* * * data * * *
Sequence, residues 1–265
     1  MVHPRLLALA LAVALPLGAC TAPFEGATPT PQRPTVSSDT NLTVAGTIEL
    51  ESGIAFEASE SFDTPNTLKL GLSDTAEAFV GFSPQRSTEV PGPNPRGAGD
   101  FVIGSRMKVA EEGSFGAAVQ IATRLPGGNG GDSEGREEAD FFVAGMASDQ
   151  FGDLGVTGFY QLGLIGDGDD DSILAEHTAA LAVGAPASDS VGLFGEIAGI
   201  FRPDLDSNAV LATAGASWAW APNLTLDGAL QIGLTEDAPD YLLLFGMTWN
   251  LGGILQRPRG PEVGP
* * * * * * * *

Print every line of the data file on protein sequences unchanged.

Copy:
Sequence, residues 1–265
     1  MVHPRLLALA LAVALPLGAC TAPFEGATPT PQRPTVSSDT NLTVAGTIEL
    51  ESGIAFEASE SFDTPNTLKL GLSDTAEAFV GFSPQRSTEV PGPNPRGAGD
   101  FVIGSRMKVA EEGSFGAAVQ IATRLPGGNG GDSEGREEAD FFVAGMASDQ
   151  FGDLGVTGFY QLGLIGDGDD DSILAEHTAA LAVGAPASDS VGLFGEIAGI
   201  FRPDLDSNAV LATAGASWAW APNLTLDGAL QIGLTEDAPD YLLLFGMTWN
   251  LGGILQRPRG PEVGP